TANF recipients must be participating in verified educational courses, volunteer placements, and/or employment searches in order to access these funds.
These are the proposed placement totals for the various states for the fiscal year of 2017.
The proposed total for Missouri is 2,430
Trump ordered two things on Jan. 27,2017.
1. A 90-day travel ban on all refugees coming in
from the seven countries listed on Obama’s
Iraq, Syria (indefinitely), Iran, Sudan, Libya, Somalia, and
2. A 120-day freeze on refugee resettlement.
As of Feb. 13, 2017
The federal appeals court that blocked the president’s travel ban on people from seven
majority-Muslim nations did not directly rule out two provisions in the executive order.
Refugee resettlement agencies are scrambling to figure out what they will do if those provisions survive.
The 9th U.S. Circuit Court of Appeals judges did not address the most sweeping provision in the Trump order — the deep cuts in the numbers of refugees allowed to come to the U.S.
1. President Trump slashed the refugee quota for
fiscal year 2017 by more than half, to 50,000. (remember: Obama set it at 110,000 by Sept. 1, 2017)
2. In addition, the court did not rule on a provision that would make it easier for states and cities to veto refugee placements.
Governors are not notified before refugees are
placed in their state.
However there is constant discussion between state coordinators and
refugee agencies. The public is generally left out of the conversation .
• Trump has directed the Homeland Security secretary to “devise a proposal” to give state and local governments “great involvement in the process of determining the placement of refugees in their jurisdictions.“ Trump wants to give veto power to the governors.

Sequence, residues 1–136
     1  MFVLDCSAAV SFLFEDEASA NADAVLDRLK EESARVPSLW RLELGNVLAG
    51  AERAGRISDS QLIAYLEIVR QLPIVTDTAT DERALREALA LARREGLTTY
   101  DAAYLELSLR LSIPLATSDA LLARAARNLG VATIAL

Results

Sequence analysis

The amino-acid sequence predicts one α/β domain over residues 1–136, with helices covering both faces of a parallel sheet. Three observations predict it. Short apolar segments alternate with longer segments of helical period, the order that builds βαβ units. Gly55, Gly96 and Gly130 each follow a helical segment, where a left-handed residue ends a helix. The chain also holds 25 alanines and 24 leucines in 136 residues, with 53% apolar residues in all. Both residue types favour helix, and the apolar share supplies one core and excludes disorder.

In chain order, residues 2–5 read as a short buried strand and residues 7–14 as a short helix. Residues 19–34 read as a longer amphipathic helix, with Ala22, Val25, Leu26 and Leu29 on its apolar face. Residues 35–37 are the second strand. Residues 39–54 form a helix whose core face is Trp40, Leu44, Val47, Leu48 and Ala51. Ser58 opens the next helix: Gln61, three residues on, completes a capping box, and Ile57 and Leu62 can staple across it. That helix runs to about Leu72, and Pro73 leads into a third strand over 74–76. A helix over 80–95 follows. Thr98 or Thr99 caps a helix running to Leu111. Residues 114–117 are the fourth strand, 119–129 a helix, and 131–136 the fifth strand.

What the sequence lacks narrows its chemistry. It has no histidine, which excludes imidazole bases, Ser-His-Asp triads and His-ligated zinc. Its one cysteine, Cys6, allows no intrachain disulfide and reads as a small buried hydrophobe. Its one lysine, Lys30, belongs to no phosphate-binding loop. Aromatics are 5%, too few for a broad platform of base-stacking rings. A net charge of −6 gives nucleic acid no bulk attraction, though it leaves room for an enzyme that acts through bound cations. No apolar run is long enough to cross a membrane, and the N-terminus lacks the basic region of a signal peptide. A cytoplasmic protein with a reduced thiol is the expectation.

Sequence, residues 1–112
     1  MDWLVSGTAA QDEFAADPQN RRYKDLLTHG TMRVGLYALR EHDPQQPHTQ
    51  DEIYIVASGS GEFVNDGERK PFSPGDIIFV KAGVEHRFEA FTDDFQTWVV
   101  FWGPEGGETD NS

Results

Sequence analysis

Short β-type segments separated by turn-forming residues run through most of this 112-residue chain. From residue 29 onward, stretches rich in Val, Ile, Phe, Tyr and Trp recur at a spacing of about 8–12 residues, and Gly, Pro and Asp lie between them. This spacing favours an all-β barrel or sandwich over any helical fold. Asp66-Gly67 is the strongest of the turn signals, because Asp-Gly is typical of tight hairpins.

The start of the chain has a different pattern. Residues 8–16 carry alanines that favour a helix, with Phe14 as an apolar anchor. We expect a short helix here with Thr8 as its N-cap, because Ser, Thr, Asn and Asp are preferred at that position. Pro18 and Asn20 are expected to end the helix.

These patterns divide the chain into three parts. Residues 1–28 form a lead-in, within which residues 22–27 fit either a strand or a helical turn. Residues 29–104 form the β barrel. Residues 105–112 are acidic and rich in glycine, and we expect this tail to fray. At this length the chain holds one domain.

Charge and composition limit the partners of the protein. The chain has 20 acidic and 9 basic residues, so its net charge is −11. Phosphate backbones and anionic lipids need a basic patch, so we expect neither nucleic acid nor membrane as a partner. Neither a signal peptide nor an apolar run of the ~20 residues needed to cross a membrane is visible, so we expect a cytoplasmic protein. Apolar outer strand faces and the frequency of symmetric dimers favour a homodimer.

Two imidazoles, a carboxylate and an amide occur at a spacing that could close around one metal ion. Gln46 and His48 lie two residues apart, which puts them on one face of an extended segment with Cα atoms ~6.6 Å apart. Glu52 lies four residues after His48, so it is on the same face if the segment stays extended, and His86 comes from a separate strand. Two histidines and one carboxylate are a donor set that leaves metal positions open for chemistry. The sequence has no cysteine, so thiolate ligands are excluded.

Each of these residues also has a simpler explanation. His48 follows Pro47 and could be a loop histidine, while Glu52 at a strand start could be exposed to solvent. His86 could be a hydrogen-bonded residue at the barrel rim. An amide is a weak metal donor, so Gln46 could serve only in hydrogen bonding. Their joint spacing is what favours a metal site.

The State Department alerted resettlement
agencies that new arrivals will end on March 3.
For further information on the Refugee Resettlement Plan for Missouri go to this website and click on the PDF link at the bottom.
On Jan 31, 2017 there was a quarterly U.N.
Refugee Resettlement meeting
in Columbia, Missouri.
There were three points extracted from that
1. Administrative changes- moving the offices to Kansas City
Beth Cox is the new coordinator
2. Wilson-Fish- if the state gets out of the refugee
business, it simply changes who administrates
3. Refugee Case Management-centralizing the system out-of-state
The Wilson-Fish (WF) program is an alternative to the traditional state
administered refugee resettlement programs for providing assistance
(cash and medical) and social services to refugees.
The purposes of the WF program are to:
•Increase refugee prospects for early employment and self-sufficiency •Promote coordination among voluntary resettlement agencies and service providers
•Ensure that refugee assistance programs exist in every state where refugees are resettled [there are states who are actively refusing to accept refugees]
•To strip away states ability to monitor and control the resettlement program.
What do we do in Missouri?
We do not want to lose our ability to monitor the
American laws for American courts.